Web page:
Many historians give Martin Luther the title of “the first propagandist”. However, Luther was not the type of propagandist to spread false ideas, but simply to promote his own in a way that spread them everywhere. Luther seized the opportunity to use the printing press when it was invented. He was one of the first people to realize the power that it had. He used the printing press to spread his ideas, and eventually, he gained many followers that believed what he did. He was one of the first people to use propaganda, and this was a very important step in history, as stated here: “The fact that Luther recognized the value in this little known technology was just as revolutionary as the words in his works,” (Mkkoszycki). Luther went about his whole revolution in a very strategic way. It is important to recognize that while using the printing press, Luther knew exactly what he was doing. Throughout history, and still today, propaganda is something that is used with a purpose. The propagandist behind it would want what they were saying to be known by as many people as possible. In this way, it can be concluded that Luther did want everyone to hear what he had to say. He essentially used the printing press as a weapon against the church. Despite the fact that the church wanted him silenced, he did the opposite to fight for what he believed in. His actions related to how he used the printing press are simply more evidence that Martin Luther was not reluctant in his religious revolution.
Jan Huss was a philosopher in the 15th century who had similar ideas as Luther about the hypocrisy of the church. Therefore, Huss was a large influence on Luthers’ revelations and beliefs, “Luther soon found himself corresponding with Bohemian Hussites on matters of common agreement,” (Reformation500). Bohemian Hussites were the name of the followers and supporters of Jan Huss and his teachings. Because of his heresy against the church, Jan Huss was seized and burnt at the stake. Luther knew about this: “I was overwhelmed with astonishment…I could not understand for what cause they had burnt so great a man, who explained the Scriptures with so much gravity and skill,” (Christianity Today). Huss and Luther had similar ideas, and Luther knew what happened to Huss, but he spread his ideas anyway. Luther had the opportunity to use the printing press as a valuable resource, which Huss had not had. With the invention of the printing press, Luther could share his beliefs much more quickly and more easily than Huss could have. From this evidence, it can be concluded that Luther must have known about the uproar to Huss’s ideas, but went on to spread his own ever more than Huss did. Therefore, he knew the impact that he would make. The fact that Luther knew what happened to Huss, and continued with his revolution and propaganda anyway, is more evidence that he was not reluctant.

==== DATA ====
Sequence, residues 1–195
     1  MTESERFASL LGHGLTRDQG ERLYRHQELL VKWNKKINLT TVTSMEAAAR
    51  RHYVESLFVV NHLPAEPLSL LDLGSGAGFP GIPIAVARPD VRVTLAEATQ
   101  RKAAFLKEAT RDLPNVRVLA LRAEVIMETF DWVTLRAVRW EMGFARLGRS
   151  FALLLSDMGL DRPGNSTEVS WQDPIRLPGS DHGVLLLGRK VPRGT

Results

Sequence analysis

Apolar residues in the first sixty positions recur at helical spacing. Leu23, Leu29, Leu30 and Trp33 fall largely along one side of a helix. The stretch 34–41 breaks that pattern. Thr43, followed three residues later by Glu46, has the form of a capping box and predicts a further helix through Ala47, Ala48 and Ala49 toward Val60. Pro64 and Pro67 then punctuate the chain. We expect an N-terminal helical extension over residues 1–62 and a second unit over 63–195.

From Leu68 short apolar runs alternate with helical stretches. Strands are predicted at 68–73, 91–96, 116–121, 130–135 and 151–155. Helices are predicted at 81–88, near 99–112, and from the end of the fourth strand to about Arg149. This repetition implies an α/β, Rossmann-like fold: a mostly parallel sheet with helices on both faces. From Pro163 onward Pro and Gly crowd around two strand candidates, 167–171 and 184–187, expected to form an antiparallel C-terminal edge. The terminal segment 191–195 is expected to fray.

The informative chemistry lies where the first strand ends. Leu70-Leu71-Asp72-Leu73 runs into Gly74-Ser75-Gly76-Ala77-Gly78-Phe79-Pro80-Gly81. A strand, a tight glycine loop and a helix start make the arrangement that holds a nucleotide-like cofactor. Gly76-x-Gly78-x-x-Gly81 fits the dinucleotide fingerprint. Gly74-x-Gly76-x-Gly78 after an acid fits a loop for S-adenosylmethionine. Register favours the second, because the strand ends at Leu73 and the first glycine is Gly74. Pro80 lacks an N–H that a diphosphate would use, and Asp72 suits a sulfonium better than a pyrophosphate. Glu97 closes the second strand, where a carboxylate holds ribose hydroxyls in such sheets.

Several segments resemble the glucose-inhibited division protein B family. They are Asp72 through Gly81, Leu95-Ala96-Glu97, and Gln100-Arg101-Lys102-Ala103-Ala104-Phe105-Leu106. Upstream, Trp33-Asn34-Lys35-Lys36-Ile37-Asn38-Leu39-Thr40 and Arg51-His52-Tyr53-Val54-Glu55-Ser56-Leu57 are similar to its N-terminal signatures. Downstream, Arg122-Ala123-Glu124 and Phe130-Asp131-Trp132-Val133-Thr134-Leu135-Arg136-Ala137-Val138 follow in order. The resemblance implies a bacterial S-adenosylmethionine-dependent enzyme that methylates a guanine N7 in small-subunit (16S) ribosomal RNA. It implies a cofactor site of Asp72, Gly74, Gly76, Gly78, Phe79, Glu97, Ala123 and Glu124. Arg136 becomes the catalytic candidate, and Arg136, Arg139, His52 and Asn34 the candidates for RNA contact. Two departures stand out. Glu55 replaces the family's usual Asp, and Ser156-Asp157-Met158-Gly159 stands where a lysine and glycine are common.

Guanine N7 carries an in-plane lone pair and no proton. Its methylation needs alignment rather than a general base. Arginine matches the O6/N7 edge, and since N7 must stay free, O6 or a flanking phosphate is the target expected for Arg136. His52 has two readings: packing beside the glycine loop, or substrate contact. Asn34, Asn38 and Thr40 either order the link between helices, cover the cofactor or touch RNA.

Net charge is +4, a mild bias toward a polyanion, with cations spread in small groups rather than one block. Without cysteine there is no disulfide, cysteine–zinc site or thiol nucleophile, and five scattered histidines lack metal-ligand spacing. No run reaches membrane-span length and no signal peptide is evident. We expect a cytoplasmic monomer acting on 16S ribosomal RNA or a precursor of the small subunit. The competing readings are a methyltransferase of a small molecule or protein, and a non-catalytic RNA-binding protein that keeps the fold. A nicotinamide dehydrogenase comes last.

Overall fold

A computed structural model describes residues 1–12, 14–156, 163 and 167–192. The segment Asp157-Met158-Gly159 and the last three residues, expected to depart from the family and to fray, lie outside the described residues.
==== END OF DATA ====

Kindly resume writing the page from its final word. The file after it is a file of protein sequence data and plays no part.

This great mission that Martin Luther went on was no accident. His actions proved time and time again that he knew exactly what he was doing. To his knowledge of Jan Huss and his propagandist style, he manipulated to make Europe less reliant on the Church. After all his education and hardships, he gained the power to take down the corrupt Church. Although in his writings, he says he did not realize the effect he would have on Europe and the Christian community. He still did all of these life-threatening things that took a lot of time and hard work, it’s very hard to believe he did all of this with no expectancy of a reaction from his fellow Christians. Martin Luther was a revolutionary thinker and activist that used carefully thought-out decision-making to bring down a corrupt institution that held Europe hostage.
Martin Luther: Comparisons in History
Martin Luther, one of the most significant figures in Christian history, birthed the Reformation based on his beliefs. As reluctant revolutionaries, we argue that Luther and Mahatma Gandhi were parallels to each other despite the very obvious distinctions between both figures. While Luther fought against the very powerful Catholic Church, Gandhi fought for India’s independence, both fighting with similar motivation and morals. Although both figures were seemingly different, Luther and Gandhi shared similar morals and a desire of freedom and salvation for their people.